Mark D. DeBofsky is a name partner of DeBofsky Sherman Casciari Reynolds P.C. He handles civil and appellate litigation involving employee benefits, disability insurance and other insurance claims and coverage, and Social Security law. He can be reached at [email protected].

A recent decision issued by the 7th U.S. Circuit Court of Appeals offers valuable insight into the meaning of the de novo standard of judicial review in claims brought under the Employee Retirement Income Security Act.

 

The opinion in Dorris v. Unum Life Insurance Company of America, 2020 WL 524726 (7th Cir., Feb. 3, 2020), begins by explaining: “At least in this circuit, ERISA de novo review requires no review at all, but an independent decision. In such a case, the plaintiff bears the burden of proving not that the plan administrator erred, but that she is entitled to the benefits she seeks.”

 

The court found for the defendant after determining that Stephanie Dorris “did not fully recognize her burden.” The plaintiff’s litigation efforts were focused on proving that Unum’s decision was wrong, but she failed to prove she was entitled to benefits.

 

Although Dorris received disability benefits for nearly 20 years due to two medical conditions, improvement in one of those conditions led Unum to question the plaintiff’s ongoing entitlement to benefits.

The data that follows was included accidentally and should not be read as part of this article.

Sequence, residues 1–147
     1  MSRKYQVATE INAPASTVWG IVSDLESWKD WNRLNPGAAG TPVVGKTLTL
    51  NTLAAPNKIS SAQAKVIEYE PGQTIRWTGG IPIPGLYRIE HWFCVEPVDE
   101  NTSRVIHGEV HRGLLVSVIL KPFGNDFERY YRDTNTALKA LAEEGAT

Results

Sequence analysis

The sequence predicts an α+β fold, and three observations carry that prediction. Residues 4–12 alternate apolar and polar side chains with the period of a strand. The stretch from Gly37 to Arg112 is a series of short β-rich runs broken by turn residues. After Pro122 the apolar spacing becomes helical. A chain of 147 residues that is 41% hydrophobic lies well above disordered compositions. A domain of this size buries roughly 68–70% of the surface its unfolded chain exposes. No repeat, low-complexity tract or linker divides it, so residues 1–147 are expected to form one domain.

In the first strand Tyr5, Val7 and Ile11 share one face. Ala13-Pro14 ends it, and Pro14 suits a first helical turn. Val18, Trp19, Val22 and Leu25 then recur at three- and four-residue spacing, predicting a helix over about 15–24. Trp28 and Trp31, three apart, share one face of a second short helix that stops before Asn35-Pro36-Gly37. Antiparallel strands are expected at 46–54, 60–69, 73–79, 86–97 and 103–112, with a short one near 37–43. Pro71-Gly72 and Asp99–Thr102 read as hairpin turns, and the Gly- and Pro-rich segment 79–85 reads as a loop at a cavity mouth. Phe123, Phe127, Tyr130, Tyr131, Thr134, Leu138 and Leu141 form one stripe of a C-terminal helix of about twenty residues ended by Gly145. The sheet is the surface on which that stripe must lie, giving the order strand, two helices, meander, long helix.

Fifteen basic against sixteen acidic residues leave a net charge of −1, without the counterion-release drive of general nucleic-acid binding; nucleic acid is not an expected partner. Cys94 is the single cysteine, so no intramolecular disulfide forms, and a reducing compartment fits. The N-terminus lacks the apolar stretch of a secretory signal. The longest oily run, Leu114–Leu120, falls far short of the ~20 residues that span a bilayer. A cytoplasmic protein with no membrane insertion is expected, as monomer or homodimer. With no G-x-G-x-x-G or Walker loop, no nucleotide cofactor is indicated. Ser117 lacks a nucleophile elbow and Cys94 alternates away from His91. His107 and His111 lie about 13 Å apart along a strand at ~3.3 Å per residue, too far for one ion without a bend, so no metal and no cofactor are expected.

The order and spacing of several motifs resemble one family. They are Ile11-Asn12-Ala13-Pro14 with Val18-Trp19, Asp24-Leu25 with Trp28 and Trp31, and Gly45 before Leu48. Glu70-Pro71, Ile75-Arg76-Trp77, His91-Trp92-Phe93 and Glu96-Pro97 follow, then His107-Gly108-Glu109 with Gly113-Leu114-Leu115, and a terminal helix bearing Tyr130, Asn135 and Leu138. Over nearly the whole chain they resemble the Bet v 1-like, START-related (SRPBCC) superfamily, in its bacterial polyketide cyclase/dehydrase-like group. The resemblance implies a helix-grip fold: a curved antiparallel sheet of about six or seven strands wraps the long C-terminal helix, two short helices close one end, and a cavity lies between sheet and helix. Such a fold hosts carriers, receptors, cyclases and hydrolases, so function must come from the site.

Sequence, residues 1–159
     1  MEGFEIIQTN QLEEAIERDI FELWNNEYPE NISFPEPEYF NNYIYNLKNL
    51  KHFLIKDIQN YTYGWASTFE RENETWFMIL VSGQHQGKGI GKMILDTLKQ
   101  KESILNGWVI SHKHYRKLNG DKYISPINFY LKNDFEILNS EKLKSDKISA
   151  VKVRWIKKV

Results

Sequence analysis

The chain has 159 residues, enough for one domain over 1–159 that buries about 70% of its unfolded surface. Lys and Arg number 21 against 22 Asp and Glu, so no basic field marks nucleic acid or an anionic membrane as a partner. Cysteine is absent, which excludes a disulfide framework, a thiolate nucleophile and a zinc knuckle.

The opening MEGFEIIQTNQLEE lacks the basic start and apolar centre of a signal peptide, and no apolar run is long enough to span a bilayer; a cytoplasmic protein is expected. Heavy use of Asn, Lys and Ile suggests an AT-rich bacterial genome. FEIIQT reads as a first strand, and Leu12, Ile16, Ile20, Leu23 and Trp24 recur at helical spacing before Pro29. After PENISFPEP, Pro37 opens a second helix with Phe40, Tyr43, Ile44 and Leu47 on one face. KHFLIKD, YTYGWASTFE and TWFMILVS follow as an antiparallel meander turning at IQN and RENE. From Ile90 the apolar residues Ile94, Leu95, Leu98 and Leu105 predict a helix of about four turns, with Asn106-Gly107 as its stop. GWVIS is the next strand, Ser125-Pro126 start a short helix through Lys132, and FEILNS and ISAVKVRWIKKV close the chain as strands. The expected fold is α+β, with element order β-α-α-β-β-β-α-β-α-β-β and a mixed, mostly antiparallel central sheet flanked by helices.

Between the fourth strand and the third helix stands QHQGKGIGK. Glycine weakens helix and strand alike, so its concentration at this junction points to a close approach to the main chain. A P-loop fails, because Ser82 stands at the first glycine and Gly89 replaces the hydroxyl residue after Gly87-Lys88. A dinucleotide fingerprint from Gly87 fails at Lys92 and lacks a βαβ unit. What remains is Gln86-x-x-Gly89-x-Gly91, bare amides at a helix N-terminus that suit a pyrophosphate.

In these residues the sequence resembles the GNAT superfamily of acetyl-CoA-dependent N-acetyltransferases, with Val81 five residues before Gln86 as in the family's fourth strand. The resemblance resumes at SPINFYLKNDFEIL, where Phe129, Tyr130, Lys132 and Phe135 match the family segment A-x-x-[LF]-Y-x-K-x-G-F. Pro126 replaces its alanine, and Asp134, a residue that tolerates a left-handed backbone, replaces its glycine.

When Unum inquired of the plaintiff’s treating physician as to whether Dorris could perform a job at the “light” or “sedentary” levels of exertion, the doctor reported she could perform a sedentary job for up to four hours a day with frequent breaks and absences.

 

However, the doctor failed to identify specific limitations, although he later referenced “extreme fatigue” and “major memory and cognitive issues.” He also advised that the stress of working could lead to an exacerbation of her condition.

 

Unum’s doctors disagreed and maintained that Dorris could return to her past work as the president of a business, leading to a termination of benefits. Although Dorris challenged the benefit termination prior to bringing suit, her appeal was unsuccessful.

 

Shortly after filing suit, Dorris sought to take several depositions, but a magistrate judge found the requested discovery duplicative of what was already in the record. Dorris failed to appeal to the U.S. District Court judge from the magistrate judge’s order and did not seek further discovery. Nor did she submit additional evidence beyond what was contained in the claim record.